Written by Dan Pitt
Dan Pitt is Executive Director of the Open Networking Foundation, joining on its public launch in March 2011.
Enterprises transitioning to Software Defined Networks must have an idea of their ultimate objectives in relation to risk tolerance. As for networking professionals preparing for SDN, Kenneth Dilbeck believes that education about the technology is key; people who have a good grasp of SDN can offer really good advice on how to harvest that value will find themselves in good stead.
Basically I'm advising our co-operators to start soon but start small. Try something, get some experience in the small scale, start in the green field and then move to converting your, your existing network. That way you can avoid having sort of a bad surprise. Ask the hard questions of your vendors. Ask the hard questions of yourself. How much am I committed to having software expertise in my company? How much am I willing to give up in terms of vendor flexibility that someone deliver me a turnkey solution? What other sources can I look at for helping me build a solution for myself? There are the vendors, there are the resellers, and the system integrators. That have a new opportunity here to sort of build the glue between the products and what the operators need.
We talk about SDN and we talk a lot about the DN but there's a lot of S that needs to be written. And that's going to come from a variety of outsources. The enterprises that are moving to SDN need to have an idea of what their appetite for risk is. How big are hurry they are and what their ultimate objective really is. Whether you for an equipment manufacture, a software company, a network operator enterprise, telco. My probably most important advice is to educate yourself as much as you can. On the technology and how it can benefit your customers or your employer. I think there are opportunities throughout the food chain here. People that understand it well can offer really good advice on how to harvest that value will find themselves in good stead.
Network folks have an end to end view that application folks don't always have. I think the network folks that can bring that end to end view interplay in figuring how to do the orchestration. How to do the mapping, how to figure out what the routing should be to meet the requirements of certain application traffic. They will find their influence growing. If they don't understand that and all they want to do is put a new configuration thing, they're not going to have the same kind of future. I don't think we're going to be able to convert all these network engineers into programmers. It's a different discipline. It's a going to be possible certainly in the next 10 years for them to find value in helping their organization adopt SDN.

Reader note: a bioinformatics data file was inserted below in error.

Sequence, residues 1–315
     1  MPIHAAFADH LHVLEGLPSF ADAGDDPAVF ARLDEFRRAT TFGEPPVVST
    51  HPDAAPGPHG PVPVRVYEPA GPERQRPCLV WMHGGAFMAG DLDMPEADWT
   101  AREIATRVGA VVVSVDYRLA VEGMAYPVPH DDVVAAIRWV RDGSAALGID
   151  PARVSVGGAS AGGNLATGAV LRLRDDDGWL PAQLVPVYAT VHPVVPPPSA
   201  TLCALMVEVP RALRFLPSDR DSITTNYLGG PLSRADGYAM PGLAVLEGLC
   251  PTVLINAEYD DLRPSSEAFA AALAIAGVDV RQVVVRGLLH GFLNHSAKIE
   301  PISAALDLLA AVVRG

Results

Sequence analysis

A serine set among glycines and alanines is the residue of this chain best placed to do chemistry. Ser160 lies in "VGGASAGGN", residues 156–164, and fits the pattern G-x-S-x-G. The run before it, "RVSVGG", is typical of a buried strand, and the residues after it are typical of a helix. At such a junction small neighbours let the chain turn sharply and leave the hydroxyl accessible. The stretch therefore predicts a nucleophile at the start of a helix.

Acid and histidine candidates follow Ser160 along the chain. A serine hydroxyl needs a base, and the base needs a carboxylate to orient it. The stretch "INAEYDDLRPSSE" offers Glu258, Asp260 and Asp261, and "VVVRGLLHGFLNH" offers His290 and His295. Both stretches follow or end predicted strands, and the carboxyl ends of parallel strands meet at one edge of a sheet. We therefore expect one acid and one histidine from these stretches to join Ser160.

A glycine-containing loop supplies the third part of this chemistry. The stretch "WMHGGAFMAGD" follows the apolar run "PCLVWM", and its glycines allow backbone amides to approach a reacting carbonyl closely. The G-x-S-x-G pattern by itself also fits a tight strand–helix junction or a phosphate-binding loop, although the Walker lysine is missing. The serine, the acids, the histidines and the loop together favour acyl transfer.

Let's face it. Every IT department is under pressure to reduce cost. Always a cost center. Money we wished we didn't have to spend and up to now a lot of cost reduction has been by moving stuff into the cloud. With the application under the cloud. When you can start to move some of the network functions into the cloud as well but you need to know how to orchestrate that for your own particular enterprise. When there were just cookie cutter solutions that vendors produce for all their customers, you didn't really have a choice of how do I make something very custom for me. You will now have that choice. The people who can help make that choice come true in real and actually be a singular solution and a competitive advantage, will find themselves in great demand. The CIO that can demonstrate that the IT organization can actually contribute meaningfully to the bottom line, will have a much greater influence in the corporation. I think that's going to be possible really and a new way for the first time with SDN.